Beyond: Two Souls - Review
Beyond: Two Souls isn't really a game. Well, technically it is - you control a character and interact with a few objects, but something doesn't seem quite right. It certainly isn't all that interested in you playing it. On the other hand, if it was a film, it probably wouldn't be all that impressive.
Much like director David Cage's previous games, Beyond: Two Souls owes a hell of a lot to films. Like Fahrenheit and Heavy Rain, there's plenty of David Fincher influence going on in every scene; from the neo-noir lighting to the psychological thriller subject matter. It might not borrow as much from Seven as Heavy Rain did, but the similarities are still there.
If that wasn't enough, the addition of two recognisable film actors in the form of Ellen Page and Willem Dafoe cements the game's relationship with cinema. Page takes the leading role as Jodie Holmes, a woman who, from birth has had a connection to a ghost-like entity called Aiden. The game's plot hops back and forth to fill in her life story, starting at the end and then piecing everything together bit by bit.
While Jodie is the main character, Aiden doubles up as plot device and game mechanic. With the push of a button your control switches from Jodie to a first-person perspective as Aiden, who bobbing around as a ghost, can interact with various objects. Initially, this appears to be a pretty effective way of introducing greater player agency; as you gleefully tinker with things as Aiden and wait for the results. For example, an early scene during Jodie's teenage years gives you the option of getting some payback on a group of bullies, as you throw things around the room with the jab of the analogue sticks.
The freedom however, is short lived. Most scenes only offer a minimal degree of interactivity, with most characters spouting automated responses until you stop being creative and do what the game wants you to do. Aiden even fails to be used effectively for puzzles. Rather than give you something to figure out, the game will simply order you to switch over to Aiden and do something as uninspiring as blast a door open.
Jodie meanwhile, pretty much handles herself. There's very few moments to alter her reactions to events and, rather than have you choose from a selection of dialogue options, the game will just wait until you've gone through all of them. Without the threat of characters permanently dying, like in Heavy Rain, there's very little tension in the fight sequences, which are your typical array of quick-time events. In fact, I didn't "die" once throughout the game, even when I missed a prompt the scene would play out pretty much the same as if I'd gotten it right. Which makes your involvement in the game's events seem even less important.
This leaves a story which, throughout its five to six hour runtime, suffers from poor pacing and weak characterization. The hopping back and forth along the timeline of the story; with some parts set in Jodie's childhood and others after she has joined the CIA, remove of a lot of the impetus from certain scenes. Rather than feel like the game is telling a cohesive story it instead is comprised of little vignettes of varying quality that suffer from radical shifts in tone.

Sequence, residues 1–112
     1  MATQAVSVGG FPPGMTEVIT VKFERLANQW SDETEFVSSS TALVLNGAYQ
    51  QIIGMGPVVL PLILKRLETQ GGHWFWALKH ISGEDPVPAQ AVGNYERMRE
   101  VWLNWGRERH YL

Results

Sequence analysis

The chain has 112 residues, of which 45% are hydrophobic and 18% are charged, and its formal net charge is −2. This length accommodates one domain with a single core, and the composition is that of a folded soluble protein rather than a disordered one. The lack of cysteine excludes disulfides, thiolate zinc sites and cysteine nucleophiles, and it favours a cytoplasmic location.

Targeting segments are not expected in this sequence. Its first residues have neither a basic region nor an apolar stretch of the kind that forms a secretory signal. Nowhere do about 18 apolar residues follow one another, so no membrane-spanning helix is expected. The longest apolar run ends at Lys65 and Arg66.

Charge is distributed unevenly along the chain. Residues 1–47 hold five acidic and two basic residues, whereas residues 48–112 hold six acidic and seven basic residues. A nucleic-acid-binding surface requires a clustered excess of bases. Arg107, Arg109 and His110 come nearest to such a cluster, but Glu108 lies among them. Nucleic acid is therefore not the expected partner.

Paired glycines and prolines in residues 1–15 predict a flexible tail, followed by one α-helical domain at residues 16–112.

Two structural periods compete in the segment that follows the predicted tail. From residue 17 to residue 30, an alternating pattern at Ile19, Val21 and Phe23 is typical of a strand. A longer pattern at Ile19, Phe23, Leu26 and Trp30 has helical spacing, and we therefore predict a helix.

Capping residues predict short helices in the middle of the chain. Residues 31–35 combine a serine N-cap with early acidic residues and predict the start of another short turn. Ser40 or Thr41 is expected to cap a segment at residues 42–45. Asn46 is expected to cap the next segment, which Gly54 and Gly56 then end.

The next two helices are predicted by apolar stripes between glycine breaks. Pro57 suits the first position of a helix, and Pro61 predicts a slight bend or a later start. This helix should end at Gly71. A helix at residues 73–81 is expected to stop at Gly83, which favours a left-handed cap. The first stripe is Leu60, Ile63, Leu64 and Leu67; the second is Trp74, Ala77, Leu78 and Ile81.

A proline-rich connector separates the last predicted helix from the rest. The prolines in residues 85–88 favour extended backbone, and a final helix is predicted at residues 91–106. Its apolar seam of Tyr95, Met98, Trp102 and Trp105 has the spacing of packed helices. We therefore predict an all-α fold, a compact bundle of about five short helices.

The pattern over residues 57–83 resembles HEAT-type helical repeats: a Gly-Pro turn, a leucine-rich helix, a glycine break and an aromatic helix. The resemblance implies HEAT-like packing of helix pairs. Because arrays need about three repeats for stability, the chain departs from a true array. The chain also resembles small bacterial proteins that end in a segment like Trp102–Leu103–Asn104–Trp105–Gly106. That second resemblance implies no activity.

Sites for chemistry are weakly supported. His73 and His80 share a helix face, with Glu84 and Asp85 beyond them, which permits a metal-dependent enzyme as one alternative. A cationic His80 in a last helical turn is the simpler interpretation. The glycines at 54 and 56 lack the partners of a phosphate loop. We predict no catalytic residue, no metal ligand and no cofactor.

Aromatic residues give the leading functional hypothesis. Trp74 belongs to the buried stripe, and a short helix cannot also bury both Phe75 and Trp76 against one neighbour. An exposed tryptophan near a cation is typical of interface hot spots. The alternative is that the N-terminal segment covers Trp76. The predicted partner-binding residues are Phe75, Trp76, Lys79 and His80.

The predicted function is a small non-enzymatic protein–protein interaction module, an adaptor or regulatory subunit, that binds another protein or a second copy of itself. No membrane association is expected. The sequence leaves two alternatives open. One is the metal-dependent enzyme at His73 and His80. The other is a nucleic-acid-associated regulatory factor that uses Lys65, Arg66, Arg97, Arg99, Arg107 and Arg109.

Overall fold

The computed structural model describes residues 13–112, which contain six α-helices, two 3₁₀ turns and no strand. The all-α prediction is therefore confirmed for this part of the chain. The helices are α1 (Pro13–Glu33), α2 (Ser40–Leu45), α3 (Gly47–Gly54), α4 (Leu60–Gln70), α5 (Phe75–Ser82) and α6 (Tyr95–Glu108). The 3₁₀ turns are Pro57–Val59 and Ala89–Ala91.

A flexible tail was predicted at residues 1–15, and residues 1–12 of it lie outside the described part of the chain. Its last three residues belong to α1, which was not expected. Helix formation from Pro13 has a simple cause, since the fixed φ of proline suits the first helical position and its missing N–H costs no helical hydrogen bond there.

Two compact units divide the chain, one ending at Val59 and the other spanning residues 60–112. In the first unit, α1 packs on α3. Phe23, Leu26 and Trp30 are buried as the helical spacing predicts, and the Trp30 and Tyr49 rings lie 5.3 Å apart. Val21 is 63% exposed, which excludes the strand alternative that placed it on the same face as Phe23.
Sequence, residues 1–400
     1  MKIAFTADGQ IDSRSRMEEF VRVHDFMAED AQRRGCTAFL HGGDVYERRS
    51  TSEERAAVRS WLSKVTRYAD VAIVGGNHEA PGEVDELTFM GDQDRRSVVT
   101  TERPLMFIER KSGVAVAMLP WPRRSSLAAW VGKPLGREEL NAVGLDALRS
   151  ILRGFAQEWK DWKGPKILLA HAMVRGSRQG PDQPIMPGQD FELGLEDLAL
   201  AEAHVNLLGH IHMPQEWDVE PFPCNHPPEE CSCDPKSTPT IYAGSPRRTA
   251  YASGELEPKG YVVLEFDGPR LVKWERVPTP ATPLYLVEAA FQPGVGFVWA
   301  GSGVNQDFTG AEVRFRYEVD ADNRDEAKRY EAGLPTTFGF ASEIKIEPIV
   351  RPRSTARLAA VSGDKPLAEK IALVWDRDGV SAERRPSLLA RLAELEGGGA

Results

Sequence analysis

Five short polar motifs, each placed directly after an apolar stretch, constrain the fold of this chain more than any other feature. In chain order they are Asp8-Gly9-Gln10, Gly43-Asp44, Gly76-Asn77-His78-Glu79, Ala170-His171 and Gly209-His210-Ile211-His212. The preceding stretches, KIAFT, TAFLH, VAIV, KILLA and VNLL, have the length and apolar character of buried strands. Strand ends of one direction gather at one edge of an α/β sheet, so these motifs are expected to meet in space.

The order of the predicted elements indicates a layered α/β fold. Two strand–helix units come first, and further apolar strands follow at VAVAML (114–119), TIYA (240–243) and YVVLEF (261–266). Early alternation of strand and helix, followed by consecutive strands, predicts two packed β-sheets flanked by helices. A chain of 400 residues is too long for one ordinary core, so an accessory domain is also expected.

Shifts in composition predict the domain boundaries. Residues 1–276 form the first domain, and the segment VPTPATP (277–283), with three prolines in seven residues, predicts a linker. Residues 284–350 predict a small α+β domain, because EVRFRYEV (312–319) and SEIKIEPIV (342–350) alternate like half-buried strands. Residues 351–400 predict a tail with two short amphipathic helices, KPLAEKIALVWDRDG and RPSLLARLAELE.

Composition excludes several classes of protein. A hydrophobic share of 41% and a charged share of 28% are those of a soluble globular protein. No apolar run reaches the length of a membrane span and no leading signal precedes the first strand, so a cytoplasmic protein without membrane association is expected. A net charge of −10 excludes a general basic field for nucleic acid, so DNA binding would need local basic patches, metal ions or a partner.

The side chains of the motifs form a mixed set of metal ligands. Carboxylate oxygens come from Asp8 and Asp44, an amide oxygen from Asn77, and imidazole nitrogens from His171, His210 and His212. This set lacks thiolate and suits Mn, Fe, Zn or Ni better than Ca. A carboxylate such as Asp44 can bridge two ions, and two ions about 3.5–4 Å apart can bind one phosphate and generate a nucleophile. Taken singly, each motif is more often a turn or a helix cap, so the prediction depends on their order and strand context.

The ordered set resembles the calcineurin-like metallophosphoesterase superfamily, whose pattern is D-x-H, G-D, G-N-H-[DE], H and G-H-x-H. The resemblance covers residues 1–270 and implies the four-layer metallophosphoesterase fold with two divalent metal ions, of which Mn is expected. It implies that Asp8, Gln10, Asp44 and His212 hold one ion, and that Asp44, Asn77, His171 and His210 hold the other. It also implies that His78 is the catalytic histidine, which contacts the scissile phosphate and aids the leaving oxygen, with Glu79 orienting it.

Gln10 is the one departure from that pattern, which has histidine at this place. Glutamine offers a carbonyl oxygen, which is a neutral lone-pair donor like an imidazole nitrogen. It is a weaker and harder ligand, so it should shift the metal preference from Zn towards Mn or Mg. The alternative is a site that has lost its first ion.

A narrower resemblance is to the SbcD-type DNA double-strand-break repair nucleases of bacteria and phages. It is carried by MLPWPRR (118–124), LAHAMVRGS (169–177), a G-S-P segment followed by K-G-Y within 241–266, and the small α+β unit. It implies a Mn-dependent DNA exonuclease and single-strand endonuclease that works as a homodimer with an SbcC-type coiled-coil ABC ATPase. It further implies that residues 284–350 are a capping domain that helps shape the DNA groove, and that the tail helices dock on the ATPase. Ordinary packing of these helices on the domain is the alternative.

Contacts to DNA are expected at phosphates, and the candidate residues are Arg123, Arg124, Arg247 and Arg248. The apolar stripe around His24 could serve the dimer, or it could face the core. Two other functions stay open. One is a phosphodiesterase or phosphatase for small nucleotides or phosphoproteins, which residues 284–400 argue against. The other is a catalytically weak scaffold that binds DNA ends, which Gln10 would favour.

For every earnest stab at creating some emotional resonance, Cage ruins it by following it up ten minutes later with some ridiculous monster or silly science fiction contraption. Heavy Rain had some preposterous moments, particularly as it drew towards its finale, and Fahrenheit jumped the shark during its second half, but in Two Souls case, the nonsense crops up almost constantly. This ultimately, is all down to Cage's script, the dialogue at times is awful and many of the supporting cast are typical stock characters, the worst being the evil US military leader that suddenly crops up in the game's final few hours and...you guessed it, wants to use Jodie's powers for their military applications.
It's down to the actors to prevent the whole thing becoming insufferable to watch. Page's performance as Jodie is wonderful, making some truly clunky dialogue sound halfway plausible. Similarly, Kadeem Hardison puts in a good performance as mild-mannered researcher, Cole Freeman. Dafoe is great too, but is sadly underutilized and, despite his character being integral to the game's ending, he's not set-up well enough prior to that for us to care all that much.
Beyond: Two Souls fails for a lot of reasons, but the primary issue is with the writing. The Last of Us showed us that we can have great stories and still actually play a game, and The Walking Dead does what Cage purportedly set out to do in a much better fashion. Occasionally, the game will tap into Sixth Sense style horror, which Cage is much better at handling than he is writing realistic conversations. If anything, he should have amped up the horror aspect of Jodie's situation.
There's plenty to be impressed with in Beyond: Two Souls. The animation, which, at times manages to almost reach that awkward uncanny valley moment, threatens to top even what we've seen from Naughty Dog and L.A. Noire. Likewise, the score, which was composed by the late Normand Corbeil, alongside Lorne Balfe and Hans Zimmer, is great, and does more for the game's atmosphere and emotion than Cage's script ever does.
Quantic Dream's games get a lot of attention because they are different. However, different does necessarily mean good and in Beyond: Two Souls case, there's so little to play that it barely warrants being considered interactive. Beneath the big budget and glossy shine is a story that is muddled and confused, and frankly, dull to watch. A lot of effort has gone into Cage's game, sadly it was in the wrong parts.
Beyond: Two Souls was released, in the UK, on October 11th for the Playstation 3.